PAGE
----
Well, we’re all sick now. Mr. Waffle is snuffling with the rest of us. It’s pathetic. Let us relive the Christmas idyll for a comforting warming glow.
17 December saw us heading for home. Our departure from Brussels coincided with heavy rain and the conclusion of what we locals call the “Eurotop”. This involves 25 heads of state having their own escort to the airport with outriders and a large part of town being sealed off from the common populace with portable barbed wire (a Belgian speciality). These people are always wittering on about “bringing Europe closer to the citizen” but I have to tell you, they certainly don’t mean any citizens who might be near them. So with the rain and the Eurotop, the traffic was murder and we only got to the airport just in time and the taxi ride cost 70 euros which is about twice the normal amount. A certain amount of unhappiness was felt.
However, once safely back in Ireland all was very rosy. The Princess was delighted to be reunited with her royal grandparents and practised her new enlarged vocabulary on them (“Present for Princess?”). Our Christmas bash with Gaza M and Bosnia R in their house passed off splendidly. We caught up with loads of people including a couple we used to know in Brussels. He is Irish and she is French and they have a small baby. For the first time, she is spending Christmas away from Brittany. His family have decided to make the experience unforgettable for her by, in the case of his brother, decamping to New Zealand, in the case of his sister, remaining in distant Sligo and in the case of his mother, leaving for California but not before giving them a large goose for Christmas dinner. Ms. Bretagne regarded the goose with great dubiety and pointed out that as there were only going to be four people for Christmas dinner, one of whom was not yet on solids, it was perhaps a little large. Let us hope that all passed off well, but I feel that even as I write, goose still forms a large part of the family diet.
We met a good friend of Mr. Waffle’s who is just about to start work as Professor of Very Hard Law in an English University. She announced that she had just developed a terrible addiction, she had read her first Georgette Heyer and was hooked. The fabulousness of that. She and I spent a comfortable 45 minutes talking about the queen of the regency romance (and I am NOT talking Barbara Cartland here, so stop smirking) while Mr. Waffle looked on in dazed awe.
And Mr. Waffle’s father and particularly his mother babysat like troopers despite the later’s broken wrist. She took the Princess round to the neighbours. Her highness treated retired judges and famous authors’ parents (such are the kind of neighbours you get in south County Dublin) with the same loving attention as she did her grandparents, rushing into their houses and saying “Present for Princess? OPEN!” So successful was the babysitting that Mr. Waffle’s father got carried away and offered to babysit overnight. I thanked him but said no because she still wakes up during the night. He said not to worry about that because although he is a very sound sleeper himself, Mr. Waffle’s mother would certainly be able to get up. Hmm.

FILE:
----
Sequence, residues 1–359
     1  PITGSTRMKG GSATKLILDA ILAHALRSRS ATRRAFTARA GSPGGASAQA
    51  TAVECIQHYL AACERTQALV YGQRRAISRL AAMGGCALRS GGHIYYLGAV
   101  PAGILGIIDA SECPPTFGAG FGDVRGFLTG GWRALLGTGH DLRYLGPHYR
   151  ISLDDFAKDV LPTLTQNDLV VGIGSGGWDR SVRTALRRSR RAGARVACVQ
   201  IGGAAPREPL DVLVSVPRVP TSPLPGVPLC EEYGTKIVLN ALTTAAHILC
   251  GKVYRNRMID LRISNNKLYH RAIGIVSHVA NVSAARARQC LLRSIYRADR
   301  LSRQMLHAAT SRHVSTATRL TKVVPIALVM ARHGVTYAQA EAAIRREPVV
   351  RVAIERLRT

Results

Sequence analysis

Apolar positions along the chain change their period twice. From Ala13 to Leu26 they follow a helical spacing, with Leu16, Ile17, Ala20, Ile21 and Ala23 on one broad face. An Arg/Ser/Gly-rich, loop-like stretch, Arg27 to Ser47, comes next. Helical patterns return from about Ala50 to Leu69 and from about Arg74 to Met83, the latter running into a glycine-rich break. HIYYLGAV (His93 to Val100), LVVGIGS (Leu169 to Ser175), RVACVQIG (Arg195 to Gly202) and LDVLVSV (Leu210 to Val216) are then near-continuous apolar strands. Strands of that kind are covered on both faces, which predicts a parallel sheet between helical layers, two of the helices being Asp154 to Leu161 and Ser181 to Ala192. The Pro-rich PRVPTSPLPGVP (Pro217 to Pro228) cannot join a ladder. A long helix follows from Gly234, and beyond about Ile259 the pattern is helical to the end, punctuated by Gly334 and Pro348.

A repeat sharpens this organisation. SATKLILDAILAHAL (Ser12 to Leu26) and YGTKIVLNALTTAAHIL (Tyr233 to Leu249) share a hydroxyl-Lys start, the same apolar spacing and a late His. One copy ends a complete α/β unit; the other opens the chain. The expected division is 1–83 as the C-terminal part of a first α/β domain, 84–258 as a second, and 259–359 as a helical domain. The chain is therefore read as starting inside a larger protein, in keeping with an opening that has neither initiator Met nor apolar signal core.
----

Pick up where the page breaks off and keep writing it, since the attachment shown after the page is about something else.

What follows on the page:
Then on to Cork where the Princess was greeted by another set of devoted slaves and the Princess’s parents by a digital camera. Yay. More babysitting. More gallivanting. Down to the sea to inspect the heart surgeon’s new house. Lucky old heart surgeon. But she is sick as a dog, poor thing. Being pregnant doesn’t entirely agree with her. Nevertheless, lovely view below:
Delighted to see my Chicago sister for the first time in a year. She looked very glam. Told her so. What, I asked, is the secret of your glamness? Wow, that girl’s routine is a killer. She asked me when I had last set my eyebrows. Eh? Apparently it only takes 5 minutes but doesn’t she realise that this time could be spent sleeping? I feel combining glamour and motherhood could be a challenge. Anyway she snuck her way into the Princess’s affections by holding her upside down whenever she saw her and the Princess is now obsessed with her Cork aunty. When we left Cork, I explained that her aunty was going back to America on an aeroplane. The next day when we flew back to Brussels, she paced the corridor of the plane looking for her aunty and doubtless spreading disease.
Look, I know this is dull, but having a good time makes for dull material. Let me tell you about 3 o’clock this morning when Mr. Waffle was trying to sing the Princess back to sleep with a number called “savez-vous planter les choux?”. The trick is that you must try to plant the cabbage with a different part of the body at every verse (that’s the French for you, don’t blame me). It took her a long time to get to sleep. This morning I said to my loving husband “what a dreadful night”. “Humph” he said “at least you weren’t planting cabbages with your ears at 3.30 this morning”. I suppose we must take comfort where we can.
on 07 January 2005 at 12:11
And you Americans rule the world? My God what would you be able to do if you had portable barbed wire as well? GASP.
on 07 January 2005 at 12:49
*mind boggles* Good stuff there W.
on 07 January 2005 at 21:43
Bobble, you are kind.